A strategic plan is only as good as the inputs upon which it is based. This article will provide an overview of the extensive research that went into making Partnership for Growth II: A Competitiveness Agenda for Connecticut, a historic milestone in the State's Industry Cluster Initiative that provides policy makers with a comprehensive set of recommendations in the areas of manufacturing, technology, workforce development and inner city revitalization.
In 1998, the landmark report Partnership for Growth: Connecticut's Economic Competitiveness Strategy set the stage for cluster-based economic development in the state and led to the creation of what is now called the Governor's Competitiveness Council, a bipartisan cross-section of leaders from business, government, and education that oversee the state's Industry Cluster Initiative.
Over the past five years, Connecticut's Industry Cluster Initiative has redefined the way we think about economic development in Connecticut. It is a demand-driven strategy that is predicated on public/private sector collaboration, and it has helped create jobs, attract investment and keep Connecticut's businesses and workers competitive in the global marketplace.
Today, there are nine industry clusters in Connecticut: Aerospace Components Manufacturers, Agriculture, Bioscience, Insurance and Financial Services, Maritime, Metal Manufacturing, Plastics, Software/IT, and Tourism. By participating in the Industry Cluster Initiative, companies and workers in these industries have become smarter and more productive, and ultimately more competitive.
All good business plans, however, need to be updated to reflect changing business conditions and market forces that alter the economic landscape. By late 2003, the Governor's Council decided the time was right to create a new competitiveness agenda for Connecticut and began working on Partnership for Growth II. Completed in March of this year, the report was "intended to spur decisive action by leaders in both the public and private sectors..." and "meant to serve as a basis for legislation and prompt widespread participation in cluster efforts by government, business, educational and community leaders statewide" (Partnership for Growth II, page 3).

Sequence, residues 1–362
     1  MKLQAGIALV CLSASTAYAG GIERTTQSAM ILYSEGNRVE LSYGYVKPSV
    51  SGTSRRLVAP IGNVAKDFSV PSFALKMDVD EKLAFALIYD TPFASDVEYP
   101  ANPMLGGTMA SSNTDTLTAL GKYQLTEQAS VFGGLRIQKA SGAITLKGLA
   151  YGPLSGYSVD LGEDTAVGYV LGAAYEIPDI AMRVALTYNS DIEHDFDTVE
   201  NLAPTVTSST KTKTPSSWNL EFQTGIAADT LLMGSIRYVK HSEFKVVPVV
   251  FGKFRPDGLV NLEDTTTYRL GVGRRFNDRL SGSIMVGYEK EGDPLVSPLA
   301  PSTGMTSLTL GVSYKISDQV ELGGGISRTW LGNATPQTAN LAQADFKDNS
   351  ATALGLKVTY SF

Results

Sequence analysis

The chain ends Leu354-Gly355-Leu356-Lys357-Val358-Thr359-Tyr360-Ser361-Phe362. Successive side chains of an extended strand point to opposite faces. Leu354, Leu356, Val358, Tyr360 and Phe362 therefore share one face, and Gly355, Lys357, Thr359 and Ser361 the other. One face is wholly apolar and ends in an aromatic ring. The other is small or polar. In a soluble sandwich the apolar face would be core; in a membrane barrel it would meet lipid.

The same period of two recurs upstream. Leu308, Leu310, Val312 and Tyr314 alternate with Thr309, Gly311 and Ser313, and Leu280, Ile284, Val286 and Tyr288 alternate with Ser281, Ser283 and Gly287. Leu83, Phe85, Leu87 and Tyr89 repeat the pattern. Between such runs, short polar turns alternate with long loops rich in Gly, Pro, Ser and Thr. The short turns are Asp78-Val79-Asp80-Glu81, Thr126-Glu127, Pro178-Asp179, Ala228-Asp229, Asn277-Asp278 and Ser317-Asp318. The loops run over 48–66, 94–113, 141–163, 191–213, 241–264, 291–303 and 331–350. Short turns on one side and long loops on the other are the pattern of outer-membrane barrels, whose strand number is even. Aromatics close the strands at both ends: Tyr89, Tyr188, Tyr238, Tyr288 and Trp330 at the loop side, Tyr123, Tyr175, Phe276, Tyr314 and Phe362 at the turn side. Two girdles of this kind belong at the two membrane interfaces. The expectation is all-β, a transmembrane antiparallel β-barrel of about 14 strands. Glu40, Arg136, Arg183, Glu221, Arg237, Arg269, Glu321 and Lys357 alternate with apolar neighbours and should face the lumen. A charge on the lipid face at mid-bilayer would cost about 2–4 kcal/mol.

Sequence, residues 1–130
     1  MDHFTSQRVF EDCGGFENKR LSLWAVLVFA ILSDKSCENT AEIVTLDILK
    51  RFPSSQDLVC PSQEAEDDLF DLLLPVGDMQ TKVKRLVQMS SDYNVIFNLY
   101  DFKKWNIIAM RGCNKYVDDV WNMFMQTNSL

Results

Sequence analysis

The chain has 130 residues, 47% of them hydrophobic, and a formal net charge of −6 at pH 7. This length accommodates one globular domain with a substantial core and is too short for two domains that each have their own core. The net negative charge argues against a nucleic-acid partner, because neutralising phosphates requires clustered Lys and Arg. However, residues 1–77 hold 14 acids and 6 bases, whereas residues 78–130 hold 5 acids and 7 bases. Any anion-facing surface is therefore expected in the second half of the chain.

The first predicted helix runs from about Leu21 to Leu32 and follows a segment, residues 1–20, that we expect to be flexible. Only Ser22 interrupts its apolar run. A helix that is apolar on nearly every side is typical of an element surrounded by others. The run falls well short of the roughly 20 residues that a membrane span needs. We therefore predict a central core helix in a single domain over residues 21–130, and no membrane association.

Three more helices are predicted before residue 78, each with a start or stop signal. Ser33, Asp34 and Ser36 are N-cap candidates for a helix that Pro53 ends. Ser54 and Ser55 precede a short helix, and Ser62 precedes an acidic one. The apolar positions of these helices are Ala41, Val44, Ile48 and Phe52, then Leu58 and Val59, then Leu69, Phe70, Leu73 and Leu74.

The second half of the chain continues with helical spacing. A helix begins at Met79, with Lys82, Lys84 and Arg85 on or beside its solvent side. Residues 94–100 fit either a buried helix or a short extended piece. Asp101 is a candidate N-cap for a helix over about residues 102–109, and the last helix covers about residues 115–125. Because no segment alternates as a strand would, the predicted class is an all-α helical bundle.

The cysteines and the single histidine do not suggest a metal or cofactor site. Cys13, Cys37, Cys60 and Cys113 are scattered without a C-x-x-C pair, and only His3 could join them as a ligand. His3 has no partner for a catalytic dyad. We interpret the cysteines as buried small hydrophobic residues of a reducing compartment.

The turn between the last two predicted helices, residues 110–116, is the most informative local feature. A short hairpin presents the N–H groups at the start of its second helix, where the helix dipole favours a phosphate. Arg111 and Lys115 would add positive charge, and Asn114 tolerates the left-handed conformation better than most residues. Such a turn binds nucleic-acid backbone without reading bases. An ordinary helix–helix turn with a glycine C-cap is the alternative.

In building the analytical groundwork for Partnership for Growth II, three major research tools were used: Connecticut Economic Performance and Cluster Competitiveness Analysis prepared by the consulting firm Aslan Global; Connecticut's New Economy Benchmarks developed by the Connecticut Economic Resource Center (CERC); and Competitiveness Survey Findings compiled with help from nine of the State's leading chambers of commerce. In addition, information and insights were drawn from: industry clusters; regional meetings with leaders from businesses, government agencies, civic organizations and community groups, as well as several advisory boards; and economic policy advisors, including Harvard Business School Professor Michael Porter, consultants from Aslan Global, Michael Gallis and his associates, and economists from CERC.
Connecticut Economic Performance and Cluster Competitiveness
Aslan Global performed this analysis using the data and analytical approach of Harvard Business School's Institute for Strategy and Competitiveness, led by Professor Michael Porter (Partnership for Growth II, Appendix C, page 2).
Identifying key indicators, such as levels and trends in wages and employment, the report indicates that Connecticut's recent economic performance has been generally strong. The following are some more specific findings (Partnership for Growth II, Appendix C, pages 2-5):
- More people have been employed in Connecticut in recent times than before the major recession of the early 1990s.
- Although the number of people employed in Connecticut has been increasing, the unemployment rate also has been increasing, largely due to the national recession and dot-com collapse.
- Regional peers, including Rhode Island, New Hampshire, New York, Massachusetts and Vermont, have been ahead of Connecticut in terms of their rates of new job creation.
- Wages in Connecticut rose steadily from 1990 to 2001.
- Connecticut continues to be among the states with the highest average wages.
- Connecticut's productivity has grown an average of 4.4 percent annually in recent times.
- Connecticut's Gross State Product (GSP) performance between 1990 and 2002 has made it one of the top three most productive, or "competitive," U.S. states.